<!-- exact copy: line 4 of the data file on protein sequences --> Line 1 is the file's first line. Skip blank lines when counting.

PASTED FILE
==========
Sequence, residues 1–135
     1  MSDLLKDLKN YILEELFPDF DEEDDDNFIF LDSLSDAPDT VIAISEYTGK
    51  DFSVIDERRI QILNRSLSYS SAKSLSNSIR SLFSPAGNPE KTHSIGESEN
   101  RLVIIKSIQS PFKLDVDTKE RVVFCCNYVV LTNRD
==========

   101  RLVIIKSIQS PFKLDVDTKE RVVFCCNYVV LTNRD